Every weekend we're watching movies together...whether you're in Pennsylvania USA, or Sydney Australia. It's a throwback! Back to the days when you had the anticipation for waiting till the weekend to see the classic horror or science fiction film that was listed in the TV Guide. The plan is to watch a movie at 7:30PM on Saturday night in your own time zone. Or, if you can't Saturday night...anytime during the weekend. Then, we'll all get together and e-mail our thoughts on the film...a few paragraphs...or simply a sentence if you'd like. They after-viewing reviews appear first on our Creepy Classics/Monster Bash News Page. See the latest thoughts posted by viewers ther now.

Concept submitted by Mike Adams of Cartaret, New Jeresey.

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SATURDAY'S MOVIE, AUGUST 11, 2012: MOVIE - Science Fiction "TWENTY MILLION MILES TO EARTH" (1957). Some of the best Ray Harryhausen stop-motion ever to grace the silver screens. And, what a cool looking monster. A space ship crashes in the ocean and the crew killed. An egg that they had brought from Venus floats ashore. A young boy finds it and sells it. The Venusian egg hatches a monster before it can be scrambled. The thing grows to epic proportions and wrestles an elephant along the way.Suggested by Quieny "Santitito," Mexico.

It's a classic and my favorite of the Ray Harryhausen 1950s sci-fi films! It's a monster from "Venus?" "The Planet...Venus?" I love those lines from the press meeting in the film. Beautifully filmed and wonderful stop-motion from the master, Ray Harryhausen.

Right out of the box, the crash landingof the spaceship into the ocean is just awesome (in the true sense of the word).

The monster (although not named in the movie) is known as the Ymir. A reptilian, humanoid beast that is born in a world not his own. A sheer joy of 1950s sci-fi movie making. Plus, Ray oversaw the colorzation process for DVD and Blu-Ray, which is tunning. Don't worry, both formats offer the original Black and White version too...restored. The barn scene lighting and action with the Ymis is both exciting and frightening. Top flight!

-Ron Adams, Ligonier, PA

Decent little movie with incredible Ray Harryhausen special effects
(being redundant, I know)-the Ymir really looks like he's alive and
the battle with the elephant in the Colleseum , plus the general, what
I call, urban renewal of Rome is also well done.I'm not crazy about
this as I can't stand to see the poor Ymir go through all the trials
and tribulations he does here-it's not as though he asked to come
visit! And then being bazookaed at the end is really adding insult to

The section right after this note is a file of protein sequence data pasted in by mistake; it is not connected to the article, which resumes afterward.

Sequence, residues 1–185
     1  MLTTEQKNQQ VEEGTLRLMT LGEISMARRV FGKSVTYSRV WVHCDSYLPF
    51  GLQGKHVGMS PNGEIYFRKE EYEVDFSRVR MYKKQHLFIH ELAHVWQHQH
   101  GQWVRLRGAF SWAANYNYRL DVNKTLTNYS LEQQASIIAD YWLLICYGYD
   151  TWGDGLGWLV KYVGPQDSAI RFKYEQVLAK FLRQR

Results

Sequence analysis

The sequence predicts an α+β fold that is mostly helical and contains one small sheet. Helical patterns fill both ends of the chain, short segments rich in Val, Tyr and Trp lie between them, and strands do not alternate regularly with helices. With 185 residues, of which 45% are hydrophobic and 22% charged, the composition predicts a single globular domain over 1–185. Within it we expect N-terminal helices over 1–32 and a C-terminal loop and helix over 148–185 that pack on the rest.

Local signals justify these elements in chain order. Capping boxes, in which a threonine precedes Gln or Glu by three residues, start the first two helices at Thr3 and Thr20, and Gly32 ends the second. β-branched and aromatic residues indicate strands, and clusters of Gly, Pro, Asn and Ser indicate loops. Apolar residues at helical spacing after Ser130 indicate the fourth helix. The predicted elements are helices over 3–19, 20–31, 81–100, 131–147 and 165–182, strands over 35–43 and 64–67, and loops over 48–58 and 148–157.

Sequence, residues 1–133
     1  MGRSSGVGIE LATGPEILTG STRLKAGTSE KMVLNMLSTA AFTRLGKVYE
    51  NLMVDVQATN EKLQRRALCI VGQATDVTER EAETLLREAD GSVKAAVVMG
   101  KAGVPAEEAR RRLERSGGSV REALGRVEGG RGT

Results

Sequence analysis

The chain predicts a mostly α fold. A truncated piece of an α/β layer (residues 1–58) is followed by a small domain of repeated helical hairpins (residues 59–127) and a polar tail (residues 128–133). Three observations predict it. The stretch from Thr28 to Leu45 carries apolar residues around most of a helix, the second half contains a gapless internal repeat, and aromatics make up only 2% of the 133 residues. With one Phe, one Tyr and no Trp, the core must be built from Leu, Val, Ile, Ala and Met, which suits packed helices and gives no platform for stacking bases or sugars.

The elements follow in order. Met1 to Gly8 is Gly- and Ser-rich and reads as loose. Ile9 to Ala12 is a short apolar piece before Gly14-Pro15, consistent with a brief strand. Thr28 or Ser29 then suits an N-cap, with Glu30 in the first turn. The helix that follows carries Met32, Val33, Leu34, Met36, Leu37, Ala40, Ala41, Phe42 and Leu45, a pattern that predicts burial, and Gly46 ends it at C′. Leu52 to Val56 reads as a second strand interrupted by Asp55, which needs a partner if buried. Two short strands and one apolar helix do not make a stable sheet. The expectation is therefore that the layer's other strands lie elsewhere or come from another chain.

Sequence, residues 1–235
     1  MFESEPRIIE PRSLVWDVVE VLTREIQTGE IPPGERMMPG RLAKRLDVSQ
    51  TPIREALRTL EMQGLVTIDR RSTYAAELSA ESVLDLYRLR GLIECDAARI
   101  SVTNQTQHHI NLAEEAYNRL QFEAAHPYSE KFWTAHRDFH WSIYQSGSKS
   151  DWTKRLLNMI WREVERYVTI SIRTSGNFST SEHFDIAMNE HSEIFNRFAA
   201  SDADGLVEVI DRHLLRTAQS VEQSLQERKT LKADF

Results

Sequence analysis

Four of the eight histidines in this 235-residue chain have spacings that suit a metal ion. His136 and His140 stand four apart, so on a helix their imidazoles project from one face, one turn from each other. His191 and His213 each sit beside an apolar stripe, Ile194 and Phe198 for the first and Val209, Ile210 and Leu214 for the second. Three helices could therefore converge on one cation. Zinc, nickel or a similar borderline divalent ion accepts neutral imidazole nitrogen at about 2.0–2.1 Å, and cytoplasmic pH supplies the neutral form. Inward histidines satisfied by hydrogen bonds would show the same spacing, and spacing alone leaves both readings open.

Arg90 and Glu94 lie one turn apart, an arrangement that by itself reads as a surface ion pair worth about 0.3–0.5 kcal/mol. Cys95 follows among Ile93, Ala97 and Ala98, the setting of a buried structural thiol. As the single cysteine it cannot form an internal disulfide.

injury. We need a little resort for all our battered monsters to
recoup! ***

- Steven Schimming, NH

Hey Bash Synchers!

Welcome to a classic, or is it?

First the good part. Ray Harryhausen, His models and effects in this movie are superb. He really pushes the envelope in the dynamation department, with more human contact than ever before, some real powerful scenes, and a LOT of animation. One scene that sticks out to me as being incredibly difficult to pull off is the electric net scene, that must have been a pain to animate! The beginning rocket is also nifty. Ray's attempts at generating sympathy and pathos are good as well, things that he never had the opportunity to do with the Rhedosaur, Octopus and Saucers. He was returning to the roots of Kong and Joe Young.

It is in comparing Kong and Joe Young to this film that we see what is lacking, what keeps it from being a true classic. Despite the fantastic effects, this film leaves me cold. The human element, the story, is so weak. What did Kong have that this film doesn't? A character's relationship WITH the creature. At no point do any of the characters develop a relationship with Ymir. I think that the little boy Pepe could have been used better here. His story becomes a silly subplot and he has no contact with the beast. If he had hung out with the Doctor, formed a bond, been a defender of the thing, it would have added some heart. I know it sounds corny, but as is, the only emotion generated is "cool" at the skill of the effects, but nothing comes from the heart. I remember Dinosaurus, where the boy befriends the Brontosaurus. The effects in that film are cheesy, but you know what? It made me cry when the brontosaurus died. No such tears here for the Ymir. Just imagine during the rampage, the little boy meeting up with Ymir and having a little dance in the famous Roman Fountain, you know, a combination of La Dolce Vita and Peter Jackson's Kong...I know, I know, that is going too far, but for heaven's sake, do something to generate sympathy. I know Ray went to great lengths to show that he is not brutal unless provoked, but no one in the movie cared. Hopper's character in the barn kind of hinted at some connection, but he ends up shooting Ymir like the rest. I think the old professor character had the potential to add some heart as well, heck, he saw the thing at birth, couldn't he have been more caring during the rest of the movie? For example, after he puts the baby Ymir in the cage, he instantly loses his fascination for the creature and insists that Maricela return to the trailer. Wouldn't a real professor have stayed up all night studying the thing?